1 Vom Himmel hoch da komm' ich her,
ich bring' euch gute neue Mär
der guten Mär bring' ich so viel,
davon ich sing'n und sagen will.
2 Euch ist ein Kindlein heut' gebor'n,
von einer Jungfrau auserkor'n,
ein Kindelein so zart und fein,
das soll eur' Freud' und Wonne sein.
3 Es ist der Herr Christ, unser Gott,
der will euch führ'n aus aller Not,
er will eu'r Heiland selber sein,
von allen Sünden machen rein.
4 Er bringt euch alle Seligkeit,
die Gott der Vater hat bereit,
daß ihr mit uns im Himmelreich
sollt leben nun und ewiglich.
5 So merket nun das Zeichen recht,
die Krippe, Windelein so schlecht,
da findet ihr das Kind gelegt,
das alle Welt erhält und trägt.
6 Des laßt uns alle fröhlich sein
und mit den Hirten gehn hinein,
zu sehn was uns Gott hat beschert,
mit seinem leiben Sohn verehrt.
15 Lob, Ehr' sei Gott im höchsten Thron,
der uns schenkt seinen ein'gen Sohn!
Des freuet sich der Engel Schar
und singen uns solch neues Jahr.
Source: Kleines Gesang- und Gebetbuch #10
|First Line:||Vom Himmel hoch, da komm' ich her|
|Notes:||Polish translation: See "Jam z niebios zszedł, by nową wieść"> by Edward Romański|
Suggested tune: VOM HIMMEL HOCH
Vom Himmel hoch da komm ich her. M. Luther. [Christmas.] This beautiful Christmas hymn first appeared in the Geistliche Lieder, Wittenberg, 1535, in 15 stanzas of 4 lines; and thence in Wackernagel, iii. p. 23. Also in Schircks's edition of Luther's Geistliche Lieder, 1854, p. 12, in the Unverfälschter Liedersegen, 1851, No. 55, &c. In Klug's Gesang-Buch, 1543, it is entitled “A Children's Hymn for Christmas Eve on the child Jesus, taken from the Second Chapter of the Gospel of St. Luke." It has sometimes been said to be derived, at least in part, from the Latin. Of the origin of the German hymn, Lauxmann, in Koch, viii. 21, thus speaks:—
"Luther was accustomed every year to prepare for his family a happy Christmas Eve's entertainment.. . and for this festival of his children he wrote this Christmas hymn. Its opening lines are modelled on a song, 'Aus fremden Landen komm ich her;" and throughout he successfully catches the ring of the popular sacred song. It is said that Luther celebrated the festival in his own house in this original fashion. By his orders the first seven verses of this hymn were sung by a man dressed as an angel, whom the children greeted with the eighth and following verses."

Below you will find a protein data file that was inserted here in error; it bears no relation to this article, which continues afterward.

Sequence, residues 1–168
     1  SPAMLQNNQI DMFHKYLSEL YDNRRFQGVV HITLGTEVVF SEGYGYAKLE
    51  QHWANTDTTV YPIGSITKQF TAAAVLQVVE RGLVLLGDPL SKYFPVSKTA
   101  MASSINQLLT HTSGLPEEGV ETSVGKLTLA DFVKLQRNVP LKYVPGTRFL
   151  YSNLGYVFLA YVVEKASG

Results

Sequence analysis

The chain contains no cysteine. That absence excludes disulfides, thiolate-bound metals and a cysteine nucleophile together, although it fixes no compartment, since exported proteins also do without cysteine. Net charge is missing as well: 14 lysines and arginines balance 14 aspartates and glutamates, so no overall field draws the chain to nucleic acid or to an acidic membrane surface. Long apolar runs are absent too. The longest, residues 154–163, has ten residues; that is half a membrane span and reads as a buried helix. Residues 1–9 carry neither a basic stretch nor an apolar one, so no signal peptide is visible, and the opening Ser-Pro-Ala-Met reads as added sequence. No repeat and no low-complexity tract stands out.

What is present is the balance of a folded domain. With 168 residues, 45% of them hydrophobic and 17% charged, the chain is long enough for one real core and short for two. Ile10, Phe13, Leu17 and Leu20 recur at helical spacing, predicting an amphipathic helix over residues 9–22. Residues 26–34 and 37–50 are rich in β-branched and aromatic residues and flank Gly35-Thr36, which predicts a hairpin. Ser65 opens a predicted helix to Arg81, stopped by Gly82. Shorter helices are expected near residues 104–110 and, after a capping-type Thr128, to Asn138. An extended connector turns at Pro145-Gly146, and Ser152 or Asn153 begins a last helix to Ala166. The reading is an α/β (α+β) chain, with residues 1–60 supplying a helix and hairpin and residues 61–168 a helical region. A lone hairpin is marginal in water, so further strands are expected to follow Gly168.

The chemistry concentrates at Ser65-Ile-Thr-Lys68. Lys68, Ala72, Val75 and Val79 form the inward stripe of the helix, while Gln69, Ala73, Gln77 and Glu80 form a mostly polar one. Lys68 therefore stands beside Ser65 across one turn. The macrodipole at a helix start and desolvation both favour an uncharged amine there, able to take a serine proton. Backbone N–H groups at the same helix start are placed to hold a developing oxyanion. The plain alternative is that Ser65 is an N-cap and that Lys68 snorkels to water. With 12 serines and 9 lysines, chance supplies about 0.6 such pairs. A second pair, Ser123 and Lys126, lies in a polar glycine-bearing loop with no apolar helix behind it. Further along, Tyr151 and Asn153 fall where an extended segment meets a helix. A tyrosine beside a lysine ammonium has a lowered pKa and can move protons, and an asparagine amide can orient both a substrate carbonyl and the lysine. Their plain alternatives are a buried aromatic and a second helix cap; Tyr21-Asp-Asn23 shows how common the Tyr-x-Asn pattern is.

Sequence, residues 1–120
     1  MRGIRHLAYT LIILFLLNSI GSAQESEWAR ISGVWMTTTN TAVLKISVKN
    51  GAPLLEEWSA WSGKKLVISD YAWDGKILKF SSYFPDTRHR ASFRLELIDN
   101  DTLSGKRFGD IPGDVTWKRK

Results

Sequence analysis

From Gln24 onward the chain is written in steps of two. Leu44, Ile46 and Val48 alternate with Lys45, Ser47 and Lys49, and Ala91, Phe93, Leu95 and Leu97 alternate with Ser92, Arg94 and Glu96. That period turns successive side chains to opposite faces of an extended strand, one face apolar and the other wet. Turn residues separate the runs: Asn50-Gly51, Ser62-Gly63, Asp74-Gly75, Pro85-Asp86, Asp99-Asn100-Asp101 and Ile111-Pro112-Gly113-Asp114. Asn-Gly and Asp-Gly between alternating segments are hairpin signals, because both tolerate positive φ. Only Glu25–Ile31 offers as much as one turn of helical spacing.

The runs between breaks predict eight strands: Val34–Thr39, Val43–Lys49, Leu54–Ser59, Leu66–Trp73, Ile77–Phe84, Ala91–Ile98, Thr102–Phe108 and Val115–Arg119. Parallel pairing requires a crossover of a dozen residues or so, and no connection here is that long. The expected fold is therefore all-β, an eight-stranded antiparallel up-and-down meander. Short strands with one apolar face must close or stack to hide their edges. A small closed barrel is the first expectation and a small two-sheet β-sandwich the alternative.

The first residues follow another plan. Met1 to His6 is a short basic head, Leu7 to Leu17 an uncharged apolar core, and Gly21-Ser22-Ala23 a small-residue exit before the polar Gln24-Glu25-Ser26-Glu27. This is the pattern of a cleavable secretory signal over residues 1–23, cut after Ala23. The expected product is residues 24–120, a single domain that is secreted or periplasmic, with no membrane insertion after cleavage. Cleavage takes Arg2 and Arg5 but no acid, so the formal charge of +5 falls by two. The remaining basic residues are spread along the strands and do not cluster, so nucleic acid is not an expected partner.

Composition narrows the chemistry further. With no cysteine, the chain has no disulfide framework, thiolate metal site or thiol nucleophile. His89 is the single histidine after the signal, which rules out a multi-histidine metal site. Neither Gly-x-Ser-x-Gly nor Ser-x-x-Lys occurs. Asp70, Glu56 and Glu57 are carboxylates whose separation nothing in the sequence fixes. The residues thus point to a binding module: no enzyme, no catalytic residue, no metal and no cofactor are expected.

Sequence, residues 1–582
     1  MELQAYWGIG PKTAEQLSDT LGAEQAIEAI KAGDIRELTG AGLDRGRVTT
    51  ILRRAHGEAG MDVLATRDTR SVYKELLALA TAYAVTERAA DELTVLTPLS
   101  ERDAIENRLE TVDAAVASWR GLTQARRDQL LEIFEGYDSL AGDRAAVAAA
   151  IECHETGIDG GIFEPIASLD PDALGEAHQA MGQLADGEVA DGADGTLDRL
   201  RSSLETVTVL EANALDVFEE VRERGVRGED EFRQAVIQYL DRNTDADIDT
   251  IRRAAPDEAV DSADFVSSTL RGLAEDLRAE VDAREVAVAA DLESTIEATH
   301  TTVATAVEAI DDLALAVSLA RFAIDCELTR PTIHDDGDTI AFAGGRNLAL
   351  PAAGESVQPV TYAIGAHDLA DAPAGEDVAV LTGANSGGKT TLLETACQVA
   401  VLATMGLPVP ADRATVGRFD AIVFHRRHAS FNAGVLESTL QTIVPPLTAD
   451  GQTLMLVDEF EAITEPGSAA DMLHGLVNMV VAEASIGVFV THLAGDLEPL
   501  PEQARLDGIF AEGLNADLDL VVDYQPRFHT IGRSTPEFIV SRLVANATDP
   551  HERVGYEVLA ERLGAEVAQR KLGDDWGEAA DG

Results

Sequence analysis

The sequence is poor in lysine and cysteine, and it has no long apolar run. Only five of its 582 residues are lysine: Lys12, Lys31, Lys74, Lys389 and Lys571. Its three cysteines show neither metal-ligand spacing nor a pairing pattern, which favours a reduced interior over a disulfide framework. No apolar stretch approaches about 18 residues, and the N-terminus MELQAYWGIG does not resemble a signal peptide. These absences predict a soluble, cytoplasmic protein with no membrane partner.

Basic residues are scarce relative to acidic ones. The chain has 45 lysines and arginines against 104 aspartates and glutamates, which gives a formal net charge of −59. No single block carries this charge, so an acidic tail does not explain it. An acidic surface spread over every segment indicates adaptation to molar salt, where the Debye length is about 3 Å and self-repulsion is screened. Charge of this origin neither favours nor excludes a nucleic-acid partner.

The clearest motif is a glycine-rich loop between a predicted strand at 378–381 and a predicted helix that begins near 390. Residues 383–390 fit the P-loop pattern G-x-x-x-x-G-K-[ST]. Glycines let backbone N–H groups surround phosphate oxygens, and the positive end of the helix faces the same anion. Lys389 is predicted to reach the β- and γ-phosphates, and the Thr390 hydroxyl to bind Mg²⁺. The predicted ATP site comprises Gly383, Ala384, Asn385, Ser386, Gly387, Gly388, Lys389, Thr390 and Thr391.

In the Geistliche Lieder, Leipzig, V. Schumann, 1539, this was superseded by the beautiful melody still in use, which is sometimes ascribed to Luther, and is set to this hymn in the Chorale Book for England, 1863 (set also to No. 57 in Hymns Ancient & Modern, 1875). Translated as:—
1. From highest heaven good news I bring. By A. T. Russell, as No. 17 in the Dalston Hospital Hymn Book, 1848. There st. i. is condensed from i., ii.; and st. ii.-v. are from iii., iv., viii., xv. In his own Psalms & Hymns, 1851, No. 43, Mr. Russell omitted the tr. of st. xv. and added a translation of st. vii.
2. From yonder world I come to earth. In full, by Dr, J. Hunt in his Spiritual Songs of Martin Luther, 1853, p. 30. From this st, vi.-ix., xiii., xiv., beginning "Oh! let us all be glad today," were included in the Manchester Sunday School Hymn Book,1855, the Book of Praise for Children, 1881, and the Congregational Church Hymnal, 1887.
3. From heaven above to earth I come. This is a good and full tr., by Miss Winkworth in her Lyra Germanica, 1st Ser., 1855, p. 12, and in her Chorale Book for England, 1863, No. 30.
4. Good news from heaven the angels bring. This is No. 131 in the Pennsylvania Lutheran Church Book, 1868, in 7 stanzas (answering to st. i., iii., iv., viii., x., xiii., xv.), of which st. i.-iv., vii. are altered from A. T. Russell, and v., vi. from Miss Winkworth.
Other trs. are:—
(l) "I come from hevin to tell." In the Gude and Godlie Ballates, ed. 1568, f. 26 (1868, p. 43). Rewritten by H. R. Bramley, as No. 66 in the Bramley-Stainer Christmas Carols, New and Old, beginning "From highest heaven I come to tell." (2) "I come from heaven, to declare," as No. 300 in pt. i. of the Moravian HymnBook 1754. From this st. vii, viii., x., xiii. were given in the Bible Hymn Book, 1845, beginning “Awake, my heart, my soul, my eyes." (3) "To-day we celebrate the birth," of st. iv., vii., viii., xiii. (partly founded on the 1754 translations as No. 50 in the Moravian Hymn Book, 1789 (1886, No. 47). (4) "I come, I come! from yon celestial clime." By Miss Fry, 1845, p. 1. (5) "Little children, all draw near." By J. Anderson, 1846, p. 3. (6) "From highest heaven, on joyous wing." By J. R. Massie, 1854, p. 3. (7) "From heaven high I wing my flight." By Dr. H. W. Dulcken, in his Book of German Songs, 1856, p. 264. (8) "From heaven high I've wandered forth." By Dr. H. W. Dulcken in his Golden Harp, 1864, p. 137. (9) "From heaven on high I come to you." By Dr. G. Macdonald in the Sunday Magazine, 1867, p. 255; altered in his Exotics, 1876, p. 45. (10) " From heav'n on high to earth I come." In the Church of England Magazine, 1872, p. 44. (11) "From heaven so high I come to you." By the Rev. J. G. Tasker, in the Wesleyan Methodist Magazine, Dec., 1883. [Rev. James Mearns, M.A.]
--Excerpts from John Julian, Dictionary of Hymnology (1907)